There are abundant fossil records that
indicate continental drift. Many unique
fossils are found on continents on opposite sides
of oceans, which suggests the continents did not
have an ocean between them initially. Certain
types of extinct land animals, like
cynognathus, left fossil remains on South
America and Africa. Since they were land animals,
the cynognathus could not have swam across an
ocean of water that now separates South America
Some ancient plants also show patterns across
“matching” parts of continents. The remains of
one type of ancient plant, glossopteris,
are found on South America, Africa, India,
Antarctica, and Australia. There is no likely
chance that this plant migrated across oceans of
water to distribute its population so widely.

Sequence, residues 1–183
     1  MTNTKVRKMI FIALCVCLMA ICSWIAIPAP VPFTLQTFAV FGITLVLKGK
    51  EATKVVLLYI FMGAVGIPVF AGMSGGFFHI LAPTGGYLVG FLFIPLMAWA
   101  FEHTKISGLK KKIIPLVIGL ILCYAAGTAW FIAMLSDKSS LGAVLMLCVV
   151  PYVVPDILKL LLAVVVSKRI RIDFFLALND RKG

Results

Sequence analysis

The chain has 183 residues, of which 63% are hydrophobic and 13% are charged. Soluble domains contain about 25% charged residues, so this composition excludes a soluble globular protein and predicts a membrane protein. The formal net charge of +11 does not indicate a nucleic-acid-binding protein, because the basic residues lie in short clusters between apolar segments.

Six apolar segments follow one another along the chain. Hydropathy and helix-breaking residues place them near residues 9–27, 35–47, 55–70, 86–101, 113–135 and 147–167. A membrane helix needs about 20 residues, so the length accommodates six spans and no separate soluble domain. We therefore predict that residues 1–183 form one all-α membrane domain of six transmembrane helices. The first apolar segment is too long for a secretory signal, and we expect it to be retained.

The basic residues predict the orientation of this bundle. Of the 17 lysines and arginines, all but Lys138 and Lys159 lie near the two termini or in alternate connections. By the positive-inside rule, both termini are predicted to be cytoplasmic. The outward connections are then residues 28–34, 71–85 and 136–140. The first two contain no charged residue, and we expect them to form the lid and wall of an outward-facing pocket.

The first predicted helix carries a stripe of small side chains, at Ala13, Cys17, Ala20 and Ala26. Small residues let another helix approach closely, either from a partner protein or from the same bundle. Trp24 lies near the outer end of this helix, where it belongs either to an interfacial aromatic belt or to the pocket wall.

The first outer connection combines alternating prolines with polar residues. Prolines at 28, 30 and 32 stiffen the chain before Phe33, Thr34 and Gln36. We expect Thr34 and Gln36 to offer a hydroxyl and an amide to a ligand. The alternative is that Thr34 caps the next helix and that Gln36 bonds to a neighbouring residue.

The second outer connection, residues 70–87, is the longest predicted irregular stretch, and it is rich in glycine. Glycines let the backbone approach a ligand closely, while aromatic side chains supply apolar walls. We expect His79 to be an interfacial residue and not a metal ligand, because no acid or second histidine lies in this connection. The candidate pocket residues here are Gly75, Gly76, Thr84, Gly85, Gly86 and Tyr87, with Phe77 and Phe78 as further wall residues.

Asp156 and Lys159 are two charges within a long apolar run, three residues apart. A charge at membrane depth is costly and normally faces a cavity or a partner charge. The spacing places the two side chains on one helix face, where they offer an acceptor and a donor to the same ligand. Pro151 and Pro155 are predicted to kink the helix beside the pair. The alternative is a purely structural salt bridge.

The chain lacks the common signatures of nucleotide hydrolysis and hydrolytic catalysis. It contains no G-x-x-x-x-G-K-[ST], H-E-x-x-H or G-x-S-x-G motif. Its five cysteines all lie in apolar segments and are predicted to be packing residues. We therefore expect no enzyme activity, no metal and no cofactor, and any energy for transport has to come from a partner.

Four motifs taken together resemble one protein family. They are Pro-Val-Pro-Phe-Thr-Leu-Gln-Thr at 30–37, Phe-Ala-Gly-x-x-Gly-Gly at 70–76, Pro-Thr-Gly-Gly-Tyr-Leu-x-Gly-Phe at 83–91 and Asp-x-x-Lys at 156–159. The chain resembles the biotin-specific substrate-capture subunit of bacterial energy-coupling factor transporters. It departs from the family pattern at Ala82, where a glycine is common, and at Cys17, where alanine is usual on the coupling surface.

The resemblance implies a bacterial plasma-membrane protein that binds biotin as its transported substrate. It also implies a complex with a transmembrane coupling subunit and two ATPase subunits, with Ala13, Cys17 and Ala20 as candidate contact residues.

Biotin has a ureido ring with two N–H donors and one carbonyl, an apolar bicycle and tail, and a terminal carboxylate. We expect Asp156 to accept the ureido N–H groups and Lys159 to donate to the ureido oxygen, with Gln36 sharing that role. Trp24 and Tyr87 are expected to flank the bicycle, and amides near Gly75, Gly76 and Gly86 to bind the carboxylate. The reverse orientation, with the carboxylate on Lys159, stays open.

Hence, these continents must have been joined
together when glossopteris were growing.
These animal and plant fossils give strong
evidence of continental drift.
The list of evidence is so vast that I can't
possibly explain it all here. The most direct
evidence is that we can measure continental
movement directly using GPS, but we've known
that continents move for much longer than we've
and see that the ocean spreads out from spreading
centers at the mid-oceanic ridges. This means that
the continents have to move as they are pushed
around by the mid-ocean ridges.
There's a lot more evidence beyond this, too -
the fact that all of the continents fit together
if you place them on a map, the fact that fossil
species' ranges can be found spanning continents
that don't today touch, and more.
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